There is an accepted storyline in American health care that is so ingrained in our culture that it is almost beyond question. It goes like this. The chief culprit underlying the high-cost, low-quality American health care system is the traditional fee-for-service payment model, which rewards physicians for the volume of services they provide with no consideration for the quality of care being delivered.
The answer, the story goes on to say, is a value-based payment model (also known as pay-for-performance), where quality and cost metrics are used to measure the value of a physician’s care, and payment (in the form of incentives and penalties), is based on the results. The problem is that this narrative is essentially a myth. Like most myths, it contains grains of truth. But overall, it is an inaccurate and distorted view. In other words, the fee-for-service payment model is not the problem, and this value-based payment model is not the answer.
It is interesting that the fee-for-service payment model, universally used in every other industry and business transaction, has become so demonized when it applies to health care. It is the American way. No one seems offended that McDonald’s sells billions of burgers. And if you don’t like their burgers, you don’t buy them. If a patient doesn’t like my care, they are (usually) free to go to another physician.
And, just like in other industries, the fee-for-service system has some very positive effects in health care. Knowing that I get paid by the appointment does incentivize me to make more appointments available for sick patients. My office squeezes in same-day appointments every day, and we see patients early and late. We do this because we are committed to providing that service to our patients. But it doesn’t hurt that we make more money for the effort.
More important, though, research shows that rising volume does not explain the increasing cost of American health care. A study in the November 7, 2017 issue of JAMA, “Factors Associated With Increases in U.S. Health Care Spending, 1996-2013,” concludes that “increases in U.S. health care spending from 1996 through 2013 were largely related to increases in health care service price and intensity.” Higher prices and intensity of care (the variety and complexity of the treatments patients receive) accounts for 50 percent of the spending increase, followed by the increase in the size of the US population (23.1 percent), and the aging of the population (11.6 percent). “Changes in service utilization were not associated with a statistically significant change in spending.”
So the notion that the fee-for-service payment model is the problem, repeated constantly by bureaucrats and health care administrators, and now parroted by everyone else, is largely wrong. That is a big deal!
The second part of the argument, that value-based payment is the answer, doesn’t hold up either. A study in the March 7, 2017 Annals of Internal Medicine, “The Effects of Pay-for-Performance Programs on Health, Health Care Use, and Processes of Care: A Systematic Review,” concludes that “pay-for-performance programs may be associated with improved processes of care in ambulatory settings, but consistently positive associations with improved health outcomes have not been demonstrated in any setting.”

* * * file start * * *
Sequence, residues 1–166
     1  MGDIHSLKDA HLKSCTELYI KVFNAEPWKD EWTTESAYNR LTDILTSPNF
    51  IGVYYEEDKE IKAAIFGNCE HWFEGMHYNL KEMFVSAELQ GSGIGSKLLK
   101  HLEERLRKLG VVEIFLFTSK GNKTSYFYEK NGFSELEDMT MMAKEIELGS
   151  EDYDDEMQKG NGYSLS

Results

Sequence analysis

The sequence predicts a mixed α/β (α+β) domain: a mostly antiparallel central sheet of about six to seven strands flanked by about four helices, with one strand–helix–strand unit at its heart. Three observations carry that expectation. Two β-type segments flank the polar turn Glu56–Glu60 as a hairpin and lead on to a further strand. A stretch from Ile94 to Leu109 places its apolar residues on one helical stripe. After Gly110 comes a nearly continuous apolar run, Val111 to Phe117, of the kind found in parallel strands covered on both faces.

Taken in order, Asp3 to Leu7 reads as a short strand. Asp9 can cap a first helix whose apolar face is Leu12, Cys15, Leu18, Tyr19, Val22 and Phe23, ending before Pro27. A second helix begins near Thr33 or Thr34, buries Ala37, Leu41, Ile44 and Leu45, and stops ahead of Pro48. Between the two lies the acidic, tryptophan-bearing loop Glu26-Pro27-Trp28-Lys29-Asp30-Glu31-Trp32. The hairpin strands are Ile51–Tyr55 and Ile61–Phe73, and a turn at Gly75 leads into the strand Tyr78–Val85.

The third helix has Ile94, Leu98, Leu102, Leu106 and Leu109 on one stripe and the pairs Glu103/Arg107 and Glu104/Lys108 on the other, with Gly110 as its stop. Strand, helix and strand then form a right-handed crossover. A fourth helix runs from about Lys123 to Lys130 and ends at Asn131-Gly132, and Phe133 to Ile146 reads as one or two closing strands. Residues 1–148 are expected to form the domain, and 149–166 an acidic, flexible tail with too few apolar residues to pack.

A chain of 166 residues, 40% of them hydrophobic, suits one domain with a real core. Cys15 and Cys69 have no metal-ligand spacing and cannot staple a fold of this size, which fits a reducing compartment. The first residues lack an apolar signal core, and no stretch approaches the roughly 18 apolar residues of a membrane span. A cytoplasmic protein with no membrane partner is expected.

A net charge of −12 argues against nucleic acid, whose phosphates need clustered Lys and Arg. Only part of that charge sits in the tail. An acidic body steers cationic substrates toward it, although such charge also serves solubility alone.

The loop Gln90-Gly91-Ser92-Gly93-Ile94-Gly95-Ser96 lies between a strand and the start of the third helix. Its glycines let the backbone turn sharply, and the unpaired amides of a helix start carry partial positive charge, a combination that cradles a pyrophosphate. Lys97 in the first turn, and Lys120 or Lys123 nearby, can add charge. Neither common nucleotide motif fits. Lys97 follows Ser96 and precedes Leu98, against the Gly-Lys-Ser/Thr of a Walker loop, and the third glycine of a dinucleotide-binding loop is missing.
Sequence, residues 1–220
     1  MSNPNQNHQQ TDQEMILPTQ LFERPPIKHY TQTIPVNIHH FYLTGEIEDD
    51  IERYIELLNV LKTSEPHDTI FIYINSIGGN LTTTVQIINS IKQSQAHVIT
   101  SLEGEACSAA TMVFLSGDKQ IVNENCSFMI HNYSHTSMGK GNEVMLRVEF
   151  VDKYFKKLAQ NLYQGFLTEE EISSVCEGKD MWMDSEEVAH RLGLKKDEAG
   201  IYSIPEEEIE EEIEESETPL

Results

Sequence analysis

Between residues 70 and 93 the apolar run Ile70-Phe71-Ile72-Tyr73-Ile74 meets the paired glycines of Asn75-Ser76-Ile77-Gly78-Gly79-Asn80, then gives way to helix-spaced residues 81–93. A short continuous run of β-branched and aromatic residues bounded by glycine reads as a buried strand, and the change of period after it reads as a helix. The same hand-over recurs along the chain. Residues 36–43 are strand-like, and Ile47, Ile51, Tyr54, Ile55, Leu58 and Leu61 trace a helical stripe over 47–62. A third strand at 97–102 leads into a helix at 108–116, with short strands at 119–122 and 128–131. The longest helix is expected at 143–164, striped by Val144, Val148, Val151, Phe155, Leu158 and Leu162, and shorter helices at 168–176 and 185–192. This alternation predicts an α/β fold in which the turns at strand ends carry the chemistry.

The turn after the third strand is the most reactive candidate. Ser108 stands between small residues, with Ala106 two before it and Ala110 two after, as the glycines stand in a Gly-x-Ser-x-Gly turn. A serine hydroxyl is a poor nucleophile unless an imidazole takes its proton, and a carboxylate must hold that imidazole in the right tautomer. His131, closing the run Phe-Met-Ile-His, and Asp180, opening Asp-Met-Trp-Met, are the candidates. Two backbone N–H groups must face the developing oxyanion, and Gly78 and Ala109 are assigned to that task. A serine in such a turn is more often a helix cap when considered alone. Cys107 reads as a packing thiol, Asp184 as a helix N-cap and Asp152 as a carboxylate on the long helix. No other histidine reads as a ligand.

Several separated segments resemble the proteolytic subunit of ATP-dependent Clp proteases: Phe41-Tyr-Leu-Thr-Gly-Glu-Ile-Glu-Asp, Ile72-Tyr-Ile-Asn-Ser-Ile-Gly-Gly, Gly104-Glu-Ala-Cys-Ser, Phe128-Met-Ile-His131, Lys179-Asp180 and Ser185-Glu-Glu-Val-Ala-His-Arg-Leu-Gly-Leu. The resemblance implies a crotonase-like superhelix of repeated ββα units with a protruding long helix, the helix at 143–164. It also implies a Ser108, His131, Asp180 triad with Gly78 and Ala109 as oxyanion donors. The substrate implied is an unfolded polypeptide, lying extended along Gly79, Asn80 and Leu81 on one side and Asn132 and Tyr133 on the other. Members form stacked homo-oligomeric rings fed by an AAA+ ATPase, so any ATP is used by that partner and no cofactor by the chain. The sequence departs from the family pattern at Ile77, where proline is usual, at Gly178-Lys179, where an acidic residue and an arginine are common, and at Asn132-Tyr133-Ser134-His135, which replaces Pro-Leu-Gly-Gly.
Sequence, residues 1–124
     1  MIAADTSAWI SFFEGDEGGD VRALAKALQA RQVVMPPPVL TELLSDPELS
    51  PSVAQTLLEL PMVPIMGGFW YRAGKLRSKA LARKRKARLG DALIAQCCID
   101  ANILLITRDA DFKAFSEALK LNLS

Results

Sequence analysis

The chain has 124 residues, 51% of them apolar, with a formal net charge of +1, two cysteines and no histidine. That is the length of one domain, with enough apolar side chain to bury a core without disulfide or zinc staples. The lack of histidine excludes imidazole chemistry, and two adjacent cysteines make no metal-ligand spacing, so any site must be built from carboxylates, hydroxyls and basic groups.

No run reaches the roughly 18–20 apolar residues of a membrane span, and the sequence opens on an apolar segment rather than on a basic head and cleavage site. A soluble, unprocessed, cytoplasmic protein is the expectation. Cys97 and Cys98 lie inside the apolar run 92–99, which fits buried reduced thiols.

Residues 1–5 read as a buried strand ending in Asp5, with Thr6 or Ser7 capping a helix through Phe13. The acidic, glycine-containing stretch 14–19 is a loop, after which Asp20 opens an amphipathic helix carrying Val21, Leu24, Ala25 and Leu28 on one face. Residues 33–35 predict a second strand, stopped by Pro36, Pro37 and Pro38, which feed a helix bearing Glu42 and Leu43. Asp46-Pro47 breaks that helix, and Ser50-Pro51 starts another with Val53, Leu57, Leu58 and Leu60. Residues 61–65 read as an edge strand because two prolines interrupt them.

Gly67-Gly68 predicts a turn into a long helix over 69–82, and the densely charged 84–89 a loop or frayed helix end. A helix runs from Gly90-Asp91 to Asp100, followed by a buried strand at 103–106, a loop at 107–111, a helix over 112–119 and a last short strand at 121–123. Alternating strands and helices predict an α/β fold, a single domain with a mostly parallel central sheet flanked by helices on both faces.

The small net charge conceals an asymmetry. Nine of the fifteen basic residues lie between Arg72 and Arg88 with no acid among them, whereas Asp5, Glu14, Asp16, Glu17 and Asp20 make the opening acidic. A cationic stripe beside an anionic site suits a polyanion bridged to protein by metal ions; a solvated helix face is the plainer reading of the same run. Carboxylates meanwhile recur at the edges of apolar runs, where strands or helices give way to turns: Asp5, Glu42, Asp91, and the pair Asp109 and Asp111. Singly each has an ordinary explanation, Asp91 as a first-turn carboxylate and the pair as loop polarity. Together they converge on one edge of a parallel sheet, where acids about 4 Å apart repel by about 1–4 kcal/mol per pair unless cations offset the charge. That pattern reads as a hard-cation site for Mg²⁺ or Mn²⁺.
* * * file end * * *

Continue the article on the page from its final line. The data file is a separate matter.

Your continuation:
And I repeat, the fee-for-service payment model is not the problem, and value-based payment is not the answer.
This is hugely important because the entire American health care system, at the behest of the Centers for Medicare and Medicaid Services (CMS), based on a myth, is now being forced to adopt value-based payment programs. The most egregious example of this is the government’s new MACRA (The Medicare Access and CHIP Reauthorization Act of 2015, or MACRA) value-based payment program, which is literally an amalgam of every past failed effort to do the same thing. This new payment system carries a vast new layer of bureaucracy and technical and administrative hassles. It is a terrible plan that must be canceled.
MedPAC, Congress’s own Medicare advisory board, agrees. In January 2018, MedPAC recommended the program’s cancellation, saying it is “burdensome and complex” and “replicates flaws of prior value-based purchasing programs.”
Administrative overload is already at epidemic levels in American health care. Studies have famously shown that for every hour of clinical care, American doctors must spend two hours doing administrative work. Not surprisingly, doctors cite burnout as their number one concern. The burdens of value-based care are wrecking American medicine.
Maybe the most interesting question is why MACRA, and other programs like it, still exist under such circumstances? Why does the bureaucracy keep flogging the dead horse that is value-based pay? We can only conjecture. I actually believe they have heard the myth so often that they are incapable of questioning it.
We must once and for all dispel this harmful myth before it does more harm. When the supposed experts repeat it, we must refute it. Everyone, say it after me, “The fee-for-service payment model is not the problem, and this value-based payment model is not the answer.”
Matthew Hahn is a family physician who blogs at his self-titled site, Matthew Hahn, MD. He is the author of Distracted: How Regulations Are Destroying the Practice of Medicine and Preventing True Health-Care Reform.
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